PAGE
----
Russian Circles - Guidance (Sargent House)

Album number six is an impressive addition to the Chicago post-rock band's catalogue

Released Aug 4th, 2016 via Sargent House / By Erick Mertz
Russian Circles - Guidance (Sargent House) An air of militaristic extremism greets the audience’s eye on the cover of Guidance the sixth full-length album by Chicago post-rock three-piece Russian Circles. In a black and white photo, a disorganized but no less draconian group of officers eye a photographer with what could only be described as brutal intentions. This is the kind of dour image one expects out of a history book, lessons of colonialism and absolute power gone bad.

What greets the listener’s ear is, however, something more nuanced. The opening track on Guidance, “Asa” is four minutes of thoughtful, acoustic guitars that only breaks down into a thunderous assault of percussion and menacing power riffs on the subsequent track, “Vorel”. It’s this fundamental contrast and the seamless transition between them that makes Russian Circles one of the banner bands of modern post-rock, moments of light and sensuousness hammered down by fits of raw aggression.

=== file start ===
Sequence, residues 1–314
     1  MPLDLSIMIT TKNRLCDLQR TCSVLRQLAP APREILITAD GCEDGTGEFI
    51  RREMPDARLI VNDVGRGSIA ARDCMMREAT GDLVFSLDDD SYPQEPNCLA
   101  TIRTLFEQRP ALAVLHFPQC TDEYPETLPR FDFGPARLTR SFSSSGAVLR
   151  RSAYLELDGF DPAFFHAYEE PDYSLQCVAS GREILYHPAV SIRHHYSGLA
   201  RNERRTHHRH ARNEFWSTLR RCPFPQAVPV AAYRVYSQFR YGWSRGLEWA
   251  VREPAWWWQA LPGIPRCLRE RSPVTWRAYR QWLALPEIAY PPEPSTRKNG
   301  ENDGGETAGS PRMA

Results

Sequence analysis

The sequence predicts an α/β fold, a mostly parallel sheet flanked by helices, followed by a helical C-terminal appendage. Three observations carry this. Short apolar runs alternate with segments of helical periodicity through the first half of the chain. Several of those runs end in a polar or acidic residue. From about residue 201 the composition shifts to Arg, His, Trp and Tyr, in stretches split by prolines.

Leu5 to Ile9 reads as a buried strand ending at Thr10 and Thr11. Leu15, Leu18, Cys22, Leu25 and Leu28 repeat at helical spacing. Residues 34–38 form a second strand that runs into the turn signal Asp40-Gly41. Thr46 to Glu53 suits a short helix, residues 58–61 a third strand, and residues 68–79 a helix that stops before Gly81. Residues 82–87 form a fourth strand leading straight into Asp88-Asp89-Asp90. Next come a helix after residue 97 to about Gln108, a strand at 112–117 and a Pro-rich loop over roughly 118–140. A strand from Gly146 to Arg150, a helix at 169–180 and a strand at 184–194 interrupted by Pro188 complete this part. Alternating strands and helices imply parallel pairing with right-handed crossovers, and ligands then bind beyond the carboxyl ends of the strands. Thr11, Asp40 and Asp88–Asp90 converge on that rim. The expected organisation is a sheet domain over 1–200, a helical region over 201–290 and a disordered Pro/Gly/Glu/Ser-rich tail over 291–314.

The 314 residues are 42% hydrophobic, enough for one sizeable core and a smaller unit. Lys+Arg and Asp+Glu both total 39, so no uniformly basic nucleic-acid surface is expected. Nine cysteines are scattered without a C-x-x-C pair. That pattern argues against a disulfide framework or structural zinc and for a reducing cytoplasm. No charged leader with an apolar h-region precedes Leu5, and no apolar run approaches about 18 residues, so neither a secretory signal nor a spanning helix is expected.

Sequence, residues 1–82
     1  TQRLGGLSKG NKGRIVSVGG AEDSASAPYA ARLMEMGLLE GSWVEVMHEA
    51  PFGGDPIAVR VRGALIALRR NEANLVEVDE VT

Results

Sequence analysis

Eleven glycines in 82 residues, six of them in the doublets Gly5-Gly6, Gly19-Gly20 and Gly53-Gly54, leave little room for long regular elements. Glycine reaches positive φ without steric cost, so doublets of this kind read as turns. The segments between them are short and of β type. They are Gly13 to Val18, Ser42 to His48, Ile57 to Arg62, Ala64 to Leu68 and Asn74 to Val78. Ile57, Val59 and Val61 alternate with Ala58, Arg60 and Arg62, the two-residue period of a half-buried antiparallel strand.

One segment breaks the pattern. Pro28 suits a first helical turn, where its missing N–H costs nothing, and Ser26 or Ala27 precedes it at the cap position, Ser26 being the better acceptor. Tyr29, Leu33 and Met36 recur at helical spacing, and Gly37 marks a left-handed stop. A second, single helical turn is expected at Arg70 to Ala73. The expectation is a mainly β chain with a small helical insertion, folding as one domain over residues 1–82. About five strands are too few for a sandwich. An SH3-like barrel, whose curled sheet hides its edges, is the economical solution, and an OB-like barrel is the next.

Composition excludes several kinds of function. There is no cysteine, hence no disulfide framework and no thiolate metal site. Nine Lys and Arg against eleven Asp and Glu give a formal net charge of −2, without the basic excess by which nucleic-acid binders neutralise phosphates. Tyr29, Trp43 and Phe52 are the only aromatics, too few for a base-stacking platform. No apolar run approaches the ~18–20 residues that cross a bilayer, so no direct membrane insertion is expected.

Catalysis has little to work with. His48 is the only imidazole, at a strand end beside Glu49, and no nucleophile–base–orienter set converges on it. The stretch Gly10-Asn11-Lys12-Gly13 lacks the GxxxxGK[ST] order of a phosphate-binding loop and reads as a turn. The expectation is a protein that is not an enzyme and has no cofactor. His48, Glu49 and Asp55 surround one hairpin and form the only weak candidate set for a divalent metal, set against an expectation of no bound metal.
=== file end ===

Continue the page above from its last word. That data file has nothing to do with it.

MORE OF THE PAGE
Guidance is their first record since 2013’s Memorial (review) which was, at the time of release, their most polarizing yet by bassist Brian Cook. If that record was a dichotomy of light and dark then this is a gentle pull back on those reins. There isn’t such a schism here. A great deal of space exists between the heavy moments and the restrained. Russian Circles, for the first time in their discography, seem to find bliss in the mid-tempo.

Produced by Kurt Ballou (whose recent credits have included brilliant work by Sumac, Slaves Beyond Death and many others) Guidance counts as one of the gems in the band’s already impressive discography. The seven tracks span an array of moods, from aspiring on the progressive rock “Mota” a song that ultimately crests in an massive wave, to the extreme flourishes that carry “Calla” on. What separates Russian Circles from other post rock/post metal bands is their dogmatic approach to songwriting.

Light on experimentation, Guidance doesn’t survive on gimmicks. Instead, it stands as a real testament to how far the band can press forward with their sound.